Content creators want a managed experience where they query governed data sources, create dashboards and reports, and share what they have created with colleagues. And data analysts need a self-directed experience where they start with a blank canvas, connect to their own data source, and discover new insights in a more exploratory manner.
4. Match functionality to user needs
When it comes to analytics, there can be a lot of functionality that is overwhelming for some users, especially those who are new to the software. Users should only be given the functionality and specific data they require to work smarter, so take time to consider what types of visualisations, interactivity and data you want to display. You can always release more functionality and data as adoption grows and new questions arise.
5. Choose the depth of integration
Businesses must also consider how deeply integrated their analytics need to be within the user experience. Depending on the depth of analytics, businesses should think about how the applications could be used as a way to improve user experience while creating a differentiated product.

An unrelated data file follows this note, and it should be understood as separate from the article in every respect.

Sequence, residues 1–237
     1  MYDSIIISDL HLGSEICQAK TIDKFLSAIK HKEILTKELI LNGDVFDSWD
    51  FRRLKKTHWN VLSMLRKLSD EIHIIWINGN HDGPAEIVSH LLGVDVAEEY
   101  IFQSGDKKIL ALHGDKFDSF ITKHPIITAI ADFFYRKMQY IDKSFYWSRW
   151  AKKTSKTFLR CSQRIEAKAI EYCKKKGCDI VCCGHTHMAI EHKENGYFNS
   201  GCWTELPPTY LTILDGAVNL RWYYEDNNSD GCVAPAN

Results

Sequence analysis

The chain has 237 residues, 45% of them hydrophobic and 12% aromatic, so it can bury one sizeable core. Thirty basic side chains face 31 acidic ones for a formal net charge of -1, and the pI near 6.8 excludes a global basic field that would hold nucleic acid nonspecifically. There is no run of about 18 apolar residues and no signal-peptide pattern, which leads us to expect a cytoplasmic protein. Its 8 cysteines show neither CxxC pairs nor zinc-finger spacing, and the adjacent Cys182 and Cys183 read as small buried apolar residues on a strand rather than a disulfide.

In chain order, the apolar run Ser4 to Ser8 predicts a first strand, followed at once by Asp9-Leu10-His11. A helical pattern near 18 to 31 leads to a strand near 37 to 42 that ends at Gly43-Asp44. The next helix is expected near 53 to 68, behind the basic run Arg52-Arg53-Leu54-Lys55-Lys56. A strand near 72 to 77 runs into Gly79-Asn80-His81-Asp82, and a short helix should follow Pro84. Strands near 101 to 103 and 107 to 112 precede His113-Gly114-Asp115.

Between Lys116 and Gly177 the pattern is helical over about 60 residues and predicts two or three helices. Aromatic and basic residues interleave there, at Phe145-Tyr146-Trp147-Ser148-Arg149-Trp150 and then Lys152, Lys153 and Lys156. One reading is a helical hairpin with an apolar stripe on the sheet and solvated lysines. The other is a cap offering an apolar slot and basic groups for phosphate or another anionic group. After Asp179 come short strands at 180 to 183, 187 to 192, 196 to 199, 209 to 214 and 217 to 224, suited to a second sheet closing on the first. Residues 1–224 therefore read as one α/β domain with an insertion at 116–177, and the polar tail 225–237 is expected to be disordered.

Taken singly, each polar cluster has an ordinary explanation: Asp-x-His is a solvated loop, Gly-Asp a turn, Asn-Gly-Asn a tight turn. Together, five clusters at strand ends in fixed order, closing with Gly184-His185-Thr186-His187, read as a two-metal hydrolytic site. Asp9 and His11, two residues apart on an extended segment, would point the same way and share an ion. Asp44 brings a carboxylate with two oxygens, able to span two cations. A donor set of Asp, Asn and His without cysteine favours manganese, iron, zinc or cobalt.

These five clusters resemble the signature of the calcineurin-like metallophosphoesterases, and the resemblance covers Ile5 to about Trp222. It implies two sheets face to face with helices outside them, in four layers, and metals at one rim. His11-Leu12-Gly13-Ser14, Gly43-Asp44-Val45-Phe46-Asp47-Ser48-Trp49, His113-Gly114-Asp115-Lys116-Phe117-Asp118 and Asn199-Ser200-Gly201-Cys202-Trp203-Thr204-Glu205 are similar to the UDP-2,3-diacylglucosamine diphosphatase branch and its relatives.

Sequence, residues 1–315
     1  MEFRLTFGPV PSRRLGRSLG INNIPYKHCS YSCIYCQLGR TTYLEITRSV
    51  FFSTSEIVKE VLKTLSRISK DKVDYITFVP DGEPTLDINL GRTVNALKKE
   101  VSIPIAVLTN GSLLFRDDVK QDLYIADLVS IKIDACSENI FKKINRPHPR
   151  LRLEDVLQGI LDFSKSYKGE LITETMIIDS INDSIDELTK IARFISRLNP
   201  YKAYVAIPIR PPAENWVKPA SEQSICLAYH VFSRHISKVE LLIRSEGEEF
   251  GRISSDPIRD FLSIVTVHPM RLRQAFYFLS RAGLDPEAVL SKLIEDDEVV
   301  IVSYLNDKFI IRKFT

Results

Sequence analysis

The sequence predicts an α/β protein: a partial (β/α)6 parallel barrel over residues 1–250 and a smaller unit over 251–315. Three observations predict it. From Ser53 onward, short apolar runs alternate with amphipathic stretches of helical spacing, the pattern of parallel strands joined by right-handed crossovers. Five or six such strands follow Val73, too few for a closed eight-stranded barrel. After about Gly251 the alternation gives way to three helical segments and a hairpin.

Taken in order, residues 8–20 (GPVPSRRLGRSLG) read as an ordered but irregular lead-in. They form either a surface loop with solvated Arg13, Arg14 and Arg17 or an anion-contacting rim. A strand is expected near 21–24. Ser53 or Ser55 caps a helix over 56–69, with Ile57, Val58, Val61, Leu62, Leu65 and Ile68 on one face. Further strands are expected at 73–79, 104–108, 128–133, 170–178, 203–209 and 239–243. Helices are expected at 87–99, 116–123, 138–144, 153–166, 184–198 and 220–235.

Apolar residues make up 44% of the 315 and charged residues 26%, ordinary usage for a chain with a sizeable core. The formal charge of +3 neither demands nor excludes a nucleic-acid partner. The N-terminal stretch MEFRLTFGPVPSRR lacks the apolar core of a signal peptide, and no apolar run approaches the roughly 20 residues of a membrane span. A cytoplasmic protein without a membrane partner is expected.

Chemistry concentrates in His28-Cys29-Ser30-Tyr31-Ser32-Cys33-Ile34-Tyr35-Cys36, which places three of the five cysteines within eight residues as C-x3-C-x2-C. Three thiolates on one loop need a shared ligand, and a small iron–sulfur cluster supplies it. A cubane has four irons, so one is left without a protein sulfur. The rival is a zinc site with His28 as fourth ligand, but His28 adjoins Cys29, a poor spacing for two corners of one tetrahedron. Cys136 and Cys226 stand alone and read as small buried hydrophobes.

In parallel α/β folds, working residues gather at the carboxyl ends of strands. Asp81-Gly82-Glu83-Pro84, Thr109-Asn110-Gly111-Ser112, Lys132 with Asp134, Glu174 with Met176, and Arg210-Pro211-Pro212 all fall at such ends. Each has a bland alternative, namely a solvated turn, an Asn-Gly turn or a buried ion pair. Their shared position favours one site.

There are a few different ways to embed analytics within an application.
A gateway to analytics or security integration is often the first stage of embedding. In this model, the analytics application has integrated security with the core application. Users only need one set of login credentials, which are passed from the core application to the analytics application via single sign on. There are still two applications, but the access to analytics is embedded in the core application.
This model is most useful when businesses have multiple applications and want to create a single application that can source data from multiple points. This works particularly well if the analytics application is based in the cloud, and serves data from on premise and cloud applications.
Inline analytics is traditionally the most popular form of embedding, where analytics functionality appears within the overall UI of the application. It is often implemented as a reports tab, or a module within the application. Another example is a homepage dashboard within the application that users can see and access once they log in. Application providers often choose this model when users demand easy and frequent access to analytics.
Infused analytics or workflow integration is the final model, where analytics is embedded within user workflows and becomes a core part of the overall user experience. One way to infuse analytics is to provide analytic content “in the moment” or in existing application screens where users are making decisions and taking action. This model is most effective for application providers who want to position analytics as a core capability by bringing together insight and action into the same context.
There is a lot to think through when embedding analytics into an application, and it’s not going to happen overnight. But by considering these five steps before starting to build, businesses will find it less daunting – and their users will experience greater productivity, and more efficient decision making.
Sourced from Tom Cahill, VP EMEA, Logi Analytics